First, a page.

Int J Med Sci 2012; 9(1):40-46. doi:10.7150/ijms.9.40 This issue
1. Department of Obstetrics and Gynecology, College of Medicine, Catholic University of Korea.
2. Department of Psychiatry, College of Medicine, Catholic University of Korea.
3. Department of Biostatistics, College of Medicine, Catholic University of Korea.
✉ Corresponding author: Jong Chul Shin, MD. Department of Obstetrics and Gynecology, College of Medicine, Catholic University of Korea, 505 Banpo-dong, Seocho-gu, Seoul 137-040, Korea. E-mail: firstname.lastname@example.org; Phone: 82-2-2258-2813; Fax: 82-2-595-1549.Conflict of Interest: The authors have declared that no conflict of interest exists.
The identification of antenatal depression is critical but poorly conducted. The aim of this study was to construct a simplified depression survey scale and to verify its efficacy as a pre-screening for antenatal depression. A total of 494 pregnant women in the third trimester of gestation who had received antenatal care at Seoul St. Mary's Hospital from July 2009 to June 2010 were included. The Edinburgh Postnatal Depression Scale (EPDS) questionnaire was completed by them. The subjects were randomly divided into two groups: 250 of training set and 244 of validation set. We designed a simplified questionnaire comprising two items of EPDS using the training set. We then validated its efficacy with the training set and reaffirmed the results with the validation set. The sum of item 5 (scare or panic) and item 8 (sadness or misery) explained 75.5% of the total score of the EPDS (AUC = 0.947). Using a score of 3 as a cut-off value of the simplified scale, sensitivity was 92.4% and specificity was 86.3%. The positive and negative predictive values were 56.2% and 98.4%, retrospectively. This study suggests that the simplified EPDS can be an efficient instrument to rule out depression during pregnancy.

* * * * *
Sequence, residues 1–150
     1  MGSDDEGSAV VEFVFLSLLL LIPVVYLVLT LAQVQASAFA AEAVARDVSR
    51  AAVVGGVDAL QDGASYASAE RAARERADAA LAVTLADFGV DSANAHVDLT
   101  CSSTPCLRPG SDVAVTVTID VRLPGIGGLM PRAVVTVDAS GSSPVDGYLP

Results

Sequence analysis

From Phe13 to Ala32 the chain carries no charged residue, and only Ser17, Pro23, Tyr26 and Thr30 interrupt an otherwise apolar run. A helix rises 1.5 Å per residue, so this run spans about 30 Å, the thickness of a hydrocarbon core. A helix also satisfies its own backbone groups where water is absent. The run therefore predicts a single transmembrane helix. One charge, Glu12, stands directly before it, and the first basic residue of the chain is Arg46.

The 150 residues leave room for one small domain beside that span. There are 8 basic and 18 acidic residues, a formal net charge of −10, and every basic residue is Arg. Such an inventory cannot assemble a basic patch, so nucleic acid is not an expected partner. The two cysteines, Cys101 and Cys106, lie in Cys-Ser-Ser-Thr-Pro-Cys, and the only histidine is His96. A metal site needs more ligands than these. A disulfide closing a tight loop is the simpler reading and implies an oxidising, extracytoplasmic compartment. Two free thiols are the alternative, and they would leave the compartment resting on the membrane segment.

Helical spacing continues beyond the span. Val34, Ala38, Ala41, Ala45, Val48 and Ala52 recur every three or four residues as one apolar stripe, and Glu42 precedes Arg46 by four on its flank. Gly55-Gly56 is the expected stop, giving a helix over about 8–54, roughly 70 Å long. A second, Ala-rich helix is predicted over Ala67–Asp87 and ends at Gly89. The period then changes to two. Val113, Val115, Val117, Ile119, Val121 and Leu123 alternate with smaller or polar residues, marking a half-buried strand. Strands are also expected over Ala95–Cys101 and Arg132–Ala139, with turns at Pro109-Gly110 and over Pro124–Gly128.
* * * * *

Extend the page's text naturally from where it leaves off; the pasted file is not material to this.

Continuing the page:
Keywords: Antenatal depression, Edinburgh Postnatal Depression Scale, Screening, Perinatal mental health, Depression.